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The Great Indian Ban Festival

Banned in India

by Aritra Dey

Raj Amit Kumar has lost in the battle to release ‘Un-Freedom’ in free India.

Un-freedom’ by debutant director Raj Amit Kumar joined the likes of ‘Bandit Queen’, Deepa Mehta’s ‘Fire’ and Mira Nair’s ‘Kamasutra – A Tale of Love’ in the list of blanket banned movies by the pious CBFC and only a look at the trailer will tell you why. It goes against the entire policy of Indian ‘cultured’ films, talking about certain ‘unspeakable crimes’ and glorifying them; the taboo acts in question being lesbianism and a secular Muslim cleric opting against jihad. It wasn’t a well-made film by critical standards, but that was never a criteria for rejection by the CBFC.

Lipstick under My Burkha’ this year, divided the population, with the stronger, progressive half strongly condemning the acts of successful producer and ethically sound Pahlaj Nihalani. Alankrita Shrivastava and Prakash Jha were extremely lucky though, as after much cuts and deliberation, the film is slated for a theatrical release later this year. One up for us!

Alankriti Shrivastava’s ‘Lipstick Under My Burkha’ is lucky to be granted a theatrical release.

However the release of one film under such controversy doesn’t solve the basic problem which the Indian filmmakers are facing, especially in these last couple of years. The CBFC cites the reasons for banning films made on real-time subjects as they would be ‘morally corruptible’ for the Indian audience. The term ‘urge the people to engage in unnatural acts’ also did the rounds. We can’t just blame the Board for having this mentality though. Unmarried straight couples will be denied entry in hotels always, but the doors are always open for same-sex boarders. Hypocrisy much?

The great liberator – Pahlaj Nihalani

Banning films on the grounds of ‘content’ has been going on for ages. The use of vulgarity, nudity and gay scenes were frowned upon. At one time, these prejudices were prevalent throughout the world, and given a deeply emotional crowd India houses, a 10-15 year maturity gap is plausible enough. When several critically acclaimed masterpieces like Mira Nair’s ‘Kamasutra – A Tale of Love’ and Deepa Mehta’s ‘Fire’ were banned for release, it was understandable. Extremely ridiculous, given the freedom of art and speech in our law, but understandable. A decade later, when the entire world has accepted the gay community and nude art, the CBFC is planning to take a hike back to the earlier century and immerse itself in the sea of bigotries and prejudices. True, certain artists cross the fine line between nude art and provocative nudity, but isn’t it exactly the job of the Board and the intellectuals to make the difference? Even the prestigious certificates from International Film Festivals fail to vouch for some of these ‘black-listed’ films in India.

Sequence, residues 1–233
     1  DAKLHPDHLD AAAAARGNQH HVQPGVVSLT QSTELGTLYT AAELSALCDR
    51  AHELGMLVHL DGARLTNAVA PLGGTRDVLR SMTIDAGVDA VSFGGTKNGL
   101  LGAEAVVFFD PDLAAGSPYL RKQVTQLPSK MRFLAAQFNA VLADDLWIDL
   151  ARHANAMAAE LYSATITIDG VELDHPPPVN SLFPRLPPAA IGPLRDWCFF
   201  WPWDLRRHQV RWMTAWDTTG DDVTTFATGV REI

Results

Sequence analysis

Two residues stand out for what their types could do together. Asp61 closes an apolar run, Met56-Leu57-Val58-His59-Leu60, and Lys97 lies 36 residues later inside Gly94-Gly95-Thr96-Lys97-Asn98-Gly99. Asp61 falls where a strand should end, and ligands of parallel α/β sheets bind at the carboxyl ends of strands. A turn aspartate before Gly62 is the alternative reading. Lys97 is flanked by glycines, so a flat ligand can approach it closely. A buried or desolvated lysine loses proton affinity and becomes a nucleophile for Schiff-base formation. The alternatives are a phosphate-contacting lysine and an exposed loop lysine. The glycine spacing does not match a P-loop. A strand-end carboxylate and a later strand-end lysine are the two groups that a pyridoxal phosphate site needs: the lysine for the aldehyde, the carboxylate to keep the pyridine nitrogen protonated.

Three of the many ludicrous films which ran in packed theatres.

The correct path would have been to lift the ban of some of the jewels which the Indian filmmakers have struggled to make. Quality of the films, be on whatever subject on this Earth, should be the primary factor for determining a film’s release in theatres. Doing otherwise is an act of blasphemy and totally goes against the fundamental concept of art. They could just very well follow a dictator’s regime and produce films to please themselves and their superiors whose boots are sparkly clean from all that licking. Art never provokes or insults. Garbage like ‘Mastizaade’ which objectify women and hyperbolize sex are allowed to run freely in packed halls. They are the trash which needs to be thrown out. But when Hypocrisy and Homophobia produce a love child, you can’t have much expectations from it.